LIVEChicago took the cake last night, beating out nearest competitor UNITED Students Alliance by 291 votes, to become the 2011-2012 SG executive slate.
ORCSA also announced third-year Nakul Singh and first-year Angela Wang to be the next undergraduate liaison to the Board of Trustees and Community and Government Liaison respectively. They also announced the twelve winners of the College Council race, as well as the overwhelmingly high number of votes in favor of the Socially Responsible Investment Committee (SRIC) referendum at C-Shop last night.
The elections maintained last year’s level of involvement, with 2354 total votes–2096 undergraduates and 258 graduates–despite an unopposed slate in 2010 and fewer undergraduate students at the University.
“I think the level of participation is great. It is a pretty good percentage,” ORCSA director Sharlene Holly said. “Whenever there are two really strong slates with SG connections, the elections are more contentious.”
With the elections completed, the LIVEChicago slate has their minds focused on getting key projects underway, and working with the current slate as the academic year ends.
“With the airport shuttles and the UCrawl, and all these other things that are happening right now with this current slate, we’re going to partner with them, so that the basic stuff is simple, made even better next year,” President-Elect Youssef Kalad said.
Second-year and Vice President for Student Affairs–Elect Meher Kairon hopes to gain commitments from council members so that planning can begin on specific initiatives early in the fall quarter.
“One of the big things that they [Next Generation] are about to accomplish are the SG vans,” Kalad said. “We want to figure out how they are going to pay for it, how they are going to rent it.”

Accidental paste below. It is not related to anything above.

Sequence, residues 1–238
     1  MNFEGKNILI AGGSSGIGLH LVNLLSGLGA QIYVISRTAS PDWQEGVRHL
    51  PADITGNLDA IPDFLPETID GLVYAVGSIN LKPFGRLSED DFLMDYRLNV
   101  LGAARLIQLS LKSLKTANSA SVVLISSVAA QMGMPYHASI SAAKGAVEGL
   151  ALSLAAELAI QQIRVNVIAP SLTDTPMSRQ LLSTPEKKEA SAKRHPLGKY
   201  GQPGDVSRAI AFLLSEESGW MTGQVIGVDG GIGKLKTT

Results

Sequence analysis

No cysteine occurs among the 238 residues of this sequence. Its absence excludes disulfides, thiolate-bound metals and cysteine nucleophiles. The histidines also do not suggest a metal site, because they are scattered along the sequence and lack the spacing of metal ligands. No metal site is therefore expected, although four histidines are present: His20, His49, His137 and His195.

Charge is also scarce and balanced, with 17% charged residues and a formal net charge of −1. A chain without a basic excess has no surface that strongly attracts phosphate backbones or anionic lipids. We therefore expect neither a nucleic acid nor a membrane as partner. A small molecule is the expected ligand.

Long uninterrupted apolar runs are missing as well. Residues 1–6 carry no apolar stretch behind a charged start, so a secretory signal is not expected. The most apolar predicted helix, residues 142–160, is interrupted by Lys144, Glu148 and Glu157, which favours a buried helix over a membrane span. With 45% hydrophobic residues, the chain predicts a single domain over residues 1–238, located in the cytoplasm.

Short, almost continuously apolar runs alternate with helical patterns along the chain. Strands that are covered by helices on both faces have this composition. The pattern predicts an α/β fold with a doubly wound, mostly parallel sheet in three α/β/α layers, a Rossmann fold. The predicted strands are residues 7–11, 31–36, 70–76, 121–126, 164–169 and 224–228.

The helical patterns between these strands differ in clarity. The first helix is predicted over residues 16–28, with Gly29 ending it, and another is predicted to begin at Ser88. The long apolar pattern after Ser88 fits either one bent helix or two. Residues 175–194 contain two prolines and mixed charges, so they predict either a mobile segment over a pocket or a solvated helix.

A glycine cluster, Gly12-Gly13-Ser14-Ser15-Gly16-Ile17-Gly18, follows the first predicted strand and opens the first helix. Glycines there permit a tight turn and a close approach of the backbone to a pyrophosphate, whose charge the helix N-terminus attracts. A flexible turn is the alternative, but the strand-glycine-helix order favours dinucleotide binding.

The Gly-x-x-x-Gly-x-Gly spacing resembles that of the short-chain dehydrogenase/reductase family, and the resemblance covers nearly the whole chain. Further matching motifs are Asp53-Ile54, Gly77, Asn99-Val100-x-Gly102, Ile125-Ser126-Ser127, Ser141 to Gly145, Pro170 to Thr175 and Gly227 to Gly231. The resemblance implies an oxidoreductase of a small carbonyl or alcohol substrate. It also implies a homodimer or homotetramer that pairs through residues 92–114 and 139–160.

SG continues to struggle in gaining the support of graduate students, who have traditionally been drawn away from participating in SG due to the student-run governing bodies specific to their divisions.
“I think one of the challenges of student government is to engage the graduate students,” Holly said. “Central student government does impact the amount of funding used for graduate programs and if more understood this, I think there would be more participation.”
The independent students behind the SRIC referendum, which will institute a group of undergrads, grads, and faculty members to advise the University’s Board of Trustees in making responsible investment decisions.
“The whole point of this movement is not to get away from any specific investment, but to just establish a socially responsible investment committee,” first-year and SRIC supporter David Kaner said.
“The referendum did not establish a committee, but that is what we are asking for tomorrow. We did win with 80% of the vote, so that is clearly indicative of where the student body stands on this issue, and we hope that the administration is going to respect that vote,” Kaner added.
UNITED Students Alliance, which came in second place with 657 votes, released a statement on their website to thank their supporters, “Let’s celebrate that we tried, that we gave our best, that we created a platform for communication and inspired ideas for this campus next year,” the statement read. “Thanks to everyone who voted, who ran with us and held us through!”
Uncommon Fun, which garnered 268 votes, also released a statement via Facebook. “Thank you all so much for your support and votes! While we did not win this election, I think it’s safe to say that we’ve all had a good time campaigning and bringing to the front really important issues that need to be discussed.”
The Moose Party‘s platform, including a study abroad program to state schools with the intention of creating a U of C “Bro-zone,” will not come to fruition, but that won’t stop them from throwing a victory party.